No Time to Die: Final international trailer for new Bond film
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Michael Caine: The screen legend was considered for the role 1967 when Connery’s original run was coming to an end. He was already established in thrillers after starring as Harry Palmer in The Ipcress File and Funeral in Berlin, and had proved his onscreen womanising credentials after his iconic turn as Alfie Elkins in the 1966 movie Alfie. Caine later said: “I was always much more ordinary. Bond was a glamorous, imaginative creation. I’ve always played real people.” His friendship with Connery may have reasssurde him he made the right decision after he later revealed that “you didn’t raise the subject of Bond” around the Scot.
Michael Gambon: The Harry Potter star was approached when George Lazenby sensationally quit before his only film, 1969’s On Her Majesty’s Secret Service, even hit cinemas.
He later recalled: “I was young and had hair, and was quite thin. George Lazenby played James Bond but wasn’t very good, so Cubby Broccoli got ten young stage actors, I was one of them, into an office in the West End and interviewed us.
“And I said, ‘I can’t play James Bond because I’m bald, and I’ve got a double chin, and I’ve got girl’s t**s. I’ve got all that, you see…”
Apparently, Broccoli reassured him that even the strapping Connery used on-set tricks to appear in better shape, including packs of ice to firm and shrink his chest, but Gambon wasn’t swayed.
Cary Grant: The Silver Screen idol was apparently Cubby Broccoli’s dream choice in 1960 before the franchise launched, with the producer’s wife Dana saying he was their “best man.”
At 55, Grant was worried about his age and Dana added: “Cubby knew if he asked Cary to do it, it would be a one-film deal, and then he would have to start all over again, searching for Bond.”
Richard Burton: The Hollywood legend was one of the first actors considered for the role in 1959 before the franchise launched. Bond author Ian Fleming was a huge fan and had published Dr No the previous year, and believed Burton was the right mix of “dark and brooding”.
The actor, like many at the time, wasn’t sure if the character would transfer well onto the screen or if the films would be a hit. He was approached again after Connery’s initial run but, apparently, by then his salary demands were too high.
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Clint Eastwood: The actor and director was approached in 1970 after Lazenby’s exit but had one major reservation.
He later said: “I thought James Bond should be British. I am of British descent but by that same token, I thought that it should be more of the culture there and also, it was not my thing.”
Burt Reynolds: Asked in 22015 whether it was true he had turned down the chance to take over from Connery, he said: “It’s true, I hate to say it because it lowers my IQ by fifty points.”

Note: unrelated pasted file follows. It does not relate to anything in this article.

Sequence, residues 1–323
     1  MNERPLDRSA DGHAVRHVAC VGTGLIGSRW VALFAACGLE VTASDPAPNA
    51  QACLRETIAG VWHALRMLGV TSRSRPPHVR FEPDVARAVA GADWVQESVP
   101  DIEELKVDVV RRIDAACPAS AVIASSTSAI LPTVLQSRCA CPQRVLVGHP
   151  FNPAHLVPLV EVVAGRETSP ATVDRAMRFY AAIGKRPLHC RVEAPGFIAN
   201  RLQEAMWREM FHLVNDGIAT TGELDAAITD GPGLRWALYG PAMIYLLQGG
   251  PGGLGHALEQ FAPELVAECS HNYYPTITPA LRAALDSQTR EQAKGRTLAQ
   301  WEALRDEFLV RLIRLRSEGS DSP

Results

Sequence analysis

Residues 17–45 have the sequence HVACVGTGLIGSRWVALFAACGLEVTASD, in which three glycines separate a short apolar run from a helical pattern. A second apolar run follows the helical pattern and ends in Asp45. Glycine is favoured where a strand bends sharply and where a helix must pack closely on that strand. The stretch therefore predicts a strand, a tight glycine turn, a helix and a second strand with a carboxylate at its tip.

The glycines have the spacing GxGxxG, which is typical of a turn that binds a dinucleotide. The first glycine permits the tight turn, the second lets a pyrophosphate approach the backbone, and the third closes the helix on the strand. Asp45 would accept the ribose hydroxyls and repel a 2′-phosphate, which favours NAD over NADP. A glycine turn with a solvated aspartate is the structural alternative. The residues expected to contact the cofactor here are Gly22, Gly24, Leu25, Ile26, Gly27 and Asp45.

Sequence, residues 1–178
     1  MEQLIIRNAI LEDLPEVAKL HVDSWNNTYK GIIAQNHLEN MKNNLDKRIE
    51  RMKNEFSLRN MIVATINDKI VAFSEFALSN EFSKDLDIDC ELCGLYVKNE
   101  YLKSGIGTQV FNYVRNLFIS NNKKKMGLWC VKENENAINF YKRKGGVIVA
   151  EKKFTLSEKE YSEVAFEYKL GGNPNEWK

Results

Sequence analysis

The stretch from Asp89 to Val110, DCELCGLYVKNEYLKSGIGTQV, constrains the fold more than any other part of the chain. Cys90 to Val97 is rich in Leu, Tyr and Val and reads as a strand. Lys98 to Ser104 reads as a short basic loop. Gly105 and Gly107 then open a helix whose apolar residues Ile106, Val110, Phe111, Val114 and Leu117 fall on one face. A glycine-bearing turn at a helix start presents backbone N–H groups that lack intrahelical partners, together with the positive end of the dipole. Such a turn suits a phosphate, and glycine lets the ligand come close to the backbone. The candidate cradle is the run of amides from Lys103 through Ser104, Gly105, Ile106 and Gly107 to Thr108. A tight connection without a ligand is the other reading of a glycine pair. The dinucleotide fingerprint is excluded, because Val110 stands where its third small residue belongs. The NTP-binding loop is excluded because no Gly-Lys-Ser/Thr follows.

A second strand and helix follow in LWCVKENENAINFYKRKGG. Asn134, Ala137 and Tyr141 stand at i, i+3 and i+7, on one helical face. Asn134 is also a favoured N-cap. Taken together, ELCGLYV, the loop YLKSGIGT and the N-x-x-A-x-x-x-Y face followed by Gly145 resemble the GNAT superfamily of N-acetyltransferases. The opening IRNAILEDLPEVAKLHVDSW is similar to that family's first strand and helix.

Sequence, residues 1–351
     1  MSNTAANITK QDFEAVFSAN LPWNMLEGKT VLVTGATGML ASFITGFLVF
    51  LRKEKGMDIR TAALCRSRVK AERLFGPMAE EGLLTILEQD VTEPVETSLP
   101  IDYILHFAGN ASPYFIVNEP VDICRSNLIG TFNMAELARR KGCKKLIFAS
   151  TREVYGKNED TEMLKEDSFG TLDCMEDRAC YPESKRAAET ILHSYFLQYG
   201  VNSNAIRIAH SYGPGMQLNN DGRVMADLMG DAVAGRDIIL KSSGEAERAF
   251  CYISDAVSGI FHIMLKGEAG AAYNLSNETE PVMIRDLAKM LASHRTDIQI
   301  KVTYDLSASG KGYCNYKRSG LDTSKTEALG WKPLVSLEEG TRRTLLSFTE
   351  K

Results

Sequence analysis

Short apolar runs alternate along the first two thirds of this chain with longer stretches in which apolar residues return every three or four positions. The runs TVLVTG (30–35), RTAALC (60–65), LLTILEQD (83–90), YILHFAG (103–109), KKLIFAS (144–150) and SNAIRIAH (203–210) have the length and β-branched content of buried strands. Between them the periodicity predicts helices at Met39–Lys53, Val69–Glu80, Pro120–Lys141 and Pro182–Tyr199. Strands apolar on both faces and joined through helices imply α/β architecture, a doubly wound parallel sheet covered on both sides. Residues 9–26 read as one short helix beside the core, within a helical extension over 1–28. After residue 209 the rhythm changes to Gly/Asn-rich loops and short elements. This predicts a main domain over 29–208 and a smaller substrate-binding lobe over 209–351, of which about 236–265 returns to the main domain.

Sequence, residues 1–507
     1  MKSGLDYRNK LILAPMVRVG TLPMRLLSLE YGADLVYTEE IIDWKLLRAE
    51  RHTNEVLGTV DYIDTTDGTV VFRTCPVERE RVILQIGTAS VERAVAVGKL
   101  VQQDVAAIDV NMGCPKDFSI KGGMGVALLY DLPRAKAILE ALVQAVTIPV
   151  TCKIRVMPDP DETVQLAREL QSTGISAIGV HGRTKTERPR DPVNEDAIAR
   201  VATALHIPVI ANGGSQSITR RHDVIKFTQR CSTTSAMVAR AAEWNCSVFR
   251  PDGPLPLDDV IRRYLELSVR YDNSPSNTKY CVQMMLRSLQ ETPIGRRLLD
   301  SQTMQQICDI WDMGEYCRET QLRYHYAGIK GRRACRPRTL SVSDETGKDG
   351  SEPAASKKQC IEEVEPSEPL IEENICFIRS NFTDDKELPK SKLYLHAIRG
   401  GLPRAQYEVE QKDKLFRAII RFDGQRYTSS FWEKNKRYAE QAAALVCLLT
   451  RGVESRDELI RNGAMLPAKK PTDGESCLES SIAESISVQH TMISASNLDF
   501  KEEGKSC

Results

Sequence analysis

In 2105, promoting his autobiography My Life, he confessed: “I think I could have done it well. In my stupidity, I said, ‘An American can’t play James Bond, it has to be an Englishman… Bond, James Bond. Nah, I can’t do it.’ Oops. Yeah, i could have done it.”
However, he added he tried to live with no regrets: “I always wanted to experience everything and go down swinging. So far, so good.”
Adam West: It was the legendary TV Batman’s co-star Burt Ward, who played Robin, who revealed the actor passed on the chance to play Bond in the late 1960s.
Ward told The Express: “Yes, he actually turned the role down, and the reason why? He thought from a technical standpoint that it should be a Brit that plays the role. I think he would have been great, he would have been fabulous. He would have been closer, in my opinion, to Sean Connery, even than Roger Moore. Sean has even more of that satirical twinkle in the eye.”
He wasn’t the only Batman star to say no…
Christian Bale: The Batman star was already being eyed as a replacement for Pierce Brosnan while his penultimate film, 1999’s The World Is Not Enough, was being made.
Producer Barbara Broccoli said the role was “Christian’s for the asking” but the actor wasn’t interested, saying Bond represented “every despicable stereotype about England and British actors.” He bluntly added, “I already played a serial killer”, referring to his role as Patrick Bateman in American Psycho.
Hugh Jackman: The strapping Aussie was approached for preliminary talks when Brosnan’s final film, Die Another Day, was filming in early 2002, despite the fact that Brosnan himself wasn’t officially let go from the role until 2004.
He later said: “I was about to do X-Men 2 and a call came from my agent asking if I’d be interested in Bond. I just felt at the time that the scripts had become so unbelievable and crazy, and I felt like they needed to become grittier and real. And the response was: ‘Oh, you don’t get a say. You just have to sign on.’ I was also worried that between Bond and X-Men, I’d never have time to do different things.”
It’s worth remembering that Die Another Day did actually feature an invisible car…
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